What do the numbers show?
The number of cases across California has fallen steadily since the first week of December, as have the number of coronaviruses in sewage.
In LA County, sewage levels began to fall in early December, though in recent weeks they have plateaued at about 70% of last summer’s peak — still a major concern, as defined by health officials.
“Although the wastewater concentration is not low, at the same time we are not seeing the post-holiday peak that was expected towards the end of the first week of January,” Ferrer said.
In San Diego County, Wooten said in a statement that “the virus is still circulating in the region. We continue to see high rates of positive COVID-19 tests and detect high levels of the virus in wastewater.”
Elsewhere, recent analysis “shows that wastewater signals are declining in the Greater Sacramento, San Joaquin Valley and Southern California regions, becoming plateaus in the Bay Area” and Northern California, the State Department of Public Health wrote in an update Thursday.
Other statistics also lend credence to the concept that coronavirus activity has slowed. Modeling from the California Department of Public Health estimates that the spread of COVID-19 is likely decreasing statewide and has been on a downward or stable trend for the past month.
What about hospitals?
While many infected with the coronavirus experience mild symptoms, or no symptoms at all, any marked increase in transmission threatens to send a new wave of patients to hospitals. In 2020–21 and 2021–22, these floods were massive and put enormous strain on healthcare systems across the country.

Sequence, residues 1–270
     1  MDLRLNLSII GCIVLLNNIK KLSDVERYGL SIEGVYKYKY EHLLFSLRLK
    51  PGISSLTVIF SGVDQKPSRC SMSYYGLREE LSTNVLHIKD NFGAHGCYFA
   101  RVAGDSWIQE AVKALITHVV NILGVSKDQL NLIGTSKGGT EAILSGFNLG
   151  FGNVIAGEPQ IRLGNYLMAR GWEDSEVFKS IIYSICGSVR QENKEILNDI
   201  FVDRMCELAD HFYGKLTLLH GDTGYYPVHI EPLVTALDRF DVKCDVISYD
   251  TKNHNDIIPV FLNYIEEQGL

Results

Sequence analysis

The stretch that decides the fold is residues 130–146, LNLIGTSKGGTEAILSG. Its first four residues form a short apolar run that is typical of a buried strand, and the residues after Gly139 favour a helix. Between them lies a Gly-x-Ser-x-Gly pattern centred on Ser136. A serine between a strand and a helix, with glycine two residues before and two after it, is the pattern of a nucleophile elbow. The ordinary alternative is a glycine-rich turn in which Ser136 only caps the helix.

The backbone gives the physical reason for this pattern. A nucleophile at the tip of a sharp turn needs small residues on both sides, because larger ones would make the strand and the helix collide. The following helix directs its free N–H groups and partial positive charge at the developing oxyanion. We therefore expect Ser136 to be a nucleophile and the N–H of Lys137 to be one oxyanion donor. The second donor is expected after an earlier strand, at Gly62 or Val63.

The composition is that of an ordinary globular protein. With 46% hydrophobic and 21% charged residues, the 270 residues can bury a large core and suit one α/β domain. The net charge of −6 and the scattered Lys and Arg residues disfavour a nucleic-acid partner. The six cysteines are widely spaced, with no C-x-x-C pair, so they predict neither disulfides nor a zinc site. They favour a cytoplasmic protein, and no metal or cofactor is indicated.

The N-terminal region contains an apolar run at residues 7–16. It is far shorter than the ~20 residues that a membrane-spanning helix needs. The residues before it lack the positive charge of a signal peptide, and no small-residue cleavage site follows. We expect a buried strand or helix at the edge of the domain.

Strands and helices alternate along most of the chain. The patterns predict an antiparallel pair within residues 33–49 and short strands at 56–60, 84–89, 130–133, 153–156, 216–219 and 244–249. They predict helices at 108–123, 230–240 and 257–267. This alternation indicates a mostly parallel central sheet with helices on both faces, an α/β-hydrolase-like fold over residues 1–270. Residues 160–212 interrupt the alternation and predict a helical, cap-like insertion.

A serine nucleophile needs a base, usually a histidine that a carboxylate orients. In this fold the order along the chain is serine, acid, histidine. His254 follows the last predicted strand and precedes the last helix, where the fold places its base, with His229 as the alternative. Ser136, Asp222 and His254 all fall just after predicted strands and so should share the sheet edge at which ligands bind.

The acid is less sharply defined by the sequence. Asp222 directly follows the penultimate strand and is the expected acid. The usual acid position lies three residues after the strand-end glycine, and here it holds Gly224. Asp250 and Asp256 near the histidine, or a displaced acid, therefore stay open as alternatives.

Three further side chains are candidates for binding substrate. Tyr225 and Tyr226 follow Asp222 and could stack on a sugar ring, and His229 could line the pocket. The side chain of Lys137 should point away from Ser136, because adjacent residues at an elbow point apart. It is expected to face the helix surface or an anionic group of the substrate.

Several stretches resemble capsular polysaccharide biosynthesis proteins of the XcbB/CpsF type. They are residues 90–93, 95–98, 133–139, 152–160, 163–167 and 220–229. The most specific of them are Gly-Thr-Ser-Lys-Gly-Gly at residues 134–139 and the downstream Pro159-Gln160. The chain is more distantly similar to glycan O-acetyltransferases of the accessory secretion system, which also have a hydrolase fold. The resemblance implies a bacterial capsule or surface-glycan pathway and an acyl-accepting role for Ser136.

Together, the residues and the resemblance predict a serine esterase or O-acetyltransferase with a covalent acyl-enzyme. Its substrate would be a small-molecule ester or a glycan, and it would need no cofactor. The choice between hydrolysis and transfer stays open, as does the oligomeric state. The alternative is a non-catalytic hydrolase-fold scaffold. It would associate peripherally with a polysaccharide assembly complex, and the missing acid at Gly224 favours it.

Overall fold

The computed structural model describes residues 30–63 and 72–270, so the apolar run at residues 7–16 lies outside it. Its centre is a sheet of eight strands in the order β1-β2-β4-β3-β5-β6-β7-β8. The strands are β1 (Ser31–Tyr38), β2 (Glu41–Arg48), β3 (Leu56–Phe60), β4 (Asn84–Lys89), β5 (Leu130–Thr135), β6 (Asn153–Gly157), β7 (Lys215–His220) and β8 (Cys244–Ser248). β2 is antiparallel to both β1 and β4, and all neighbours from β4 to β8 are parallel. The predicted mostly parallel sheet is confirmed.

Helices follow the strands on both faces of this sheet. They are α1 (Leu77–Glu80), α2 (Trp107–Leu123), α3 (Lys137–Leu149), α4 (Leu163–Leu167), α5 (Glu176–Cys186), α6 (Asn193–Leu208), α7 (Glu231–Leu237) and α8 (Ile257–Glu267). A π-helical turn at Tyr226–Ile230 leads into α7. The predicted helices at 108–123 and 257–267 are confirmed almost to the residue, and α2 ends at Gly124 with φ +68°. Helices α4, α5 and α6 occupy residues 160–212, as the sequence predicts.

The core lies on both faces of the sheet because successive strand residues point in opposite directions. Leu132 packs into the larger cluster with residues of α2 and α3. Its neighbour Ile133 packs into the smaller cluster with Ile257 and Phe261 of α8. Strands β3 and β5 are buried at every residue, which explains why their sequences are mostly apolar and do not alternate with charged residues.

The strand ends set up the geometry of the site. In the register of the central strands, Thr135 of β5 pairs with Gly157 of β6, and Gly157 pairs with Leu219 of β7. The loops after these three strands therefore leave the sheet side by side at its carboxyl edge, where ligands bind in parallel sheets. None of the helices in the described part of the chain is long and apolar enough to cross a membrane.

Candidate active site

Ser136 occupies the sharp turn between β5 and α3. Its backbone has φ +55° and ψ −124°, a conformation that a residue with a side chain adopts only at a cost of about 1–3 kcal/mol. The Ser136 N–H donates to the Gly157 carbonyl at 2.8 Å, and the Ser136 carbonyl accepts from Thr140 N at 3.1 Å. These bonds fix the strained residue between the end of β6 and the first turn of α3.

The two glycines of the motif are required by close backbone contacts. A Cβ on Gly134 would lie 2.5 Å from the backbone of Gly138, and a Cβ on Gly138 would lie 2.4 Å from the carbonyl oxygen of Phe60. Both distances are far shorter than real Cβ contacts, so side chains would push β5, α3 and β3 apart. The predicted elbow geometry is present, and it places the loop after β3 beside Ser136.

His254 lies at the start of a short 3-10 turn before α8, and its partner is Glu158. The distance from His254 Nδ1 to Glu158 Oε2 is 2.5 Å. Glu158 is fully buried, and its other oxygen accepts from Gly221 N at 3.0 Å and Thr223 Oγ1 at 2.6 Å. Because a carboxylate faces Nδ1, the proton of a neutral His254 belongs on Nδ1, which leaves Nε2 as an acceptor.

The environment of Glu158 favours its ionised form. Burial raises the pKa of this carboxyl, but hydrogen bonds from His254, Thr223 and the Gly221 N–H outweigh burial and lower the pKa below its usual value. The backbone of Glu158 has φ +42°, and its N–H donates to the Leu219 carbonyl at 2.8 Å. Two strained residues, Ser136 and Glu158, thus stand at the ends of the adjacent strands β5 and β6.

While California saw a marked increase in coronavirus-positive hospitalizations from late October and mid-December, that count has fallen sharply since then.
On Thursday, 3,168 such patients were hospitalized statewide — a drop of 29% in the past two weeks.
That figure includes those hospitalized with COVID-19-related illnesses and those who incidentally test positive after seeking care for another reason.
Should there not be a significant resurgence of COVID-19 this winter, it will be the first time since the start of the pandemic in 2020 that a fall-and-winter surge was less severe than the previous summer’s, in terms of hospitalizations.
Continued improvements have led to a parade of California counties moving into the low level of the COVID-19 community, as defined by the U.S. Centers for Disease Control and Prevention.
Placement in that category depends on recent calculations of coronavirus cases and hospitalizations, as well as bed occupancy, and indicates that the burden on hospitals is relatively mild.
Fourteen California counties moved to the low COVID-19 community level on Thursday: Alameda, Butte, Contra Costa, Fresno, Glenn, Humboldt, Kern, Kings, Los Angeles, Madera, Marin, Sonoma, Tehama and Ventura.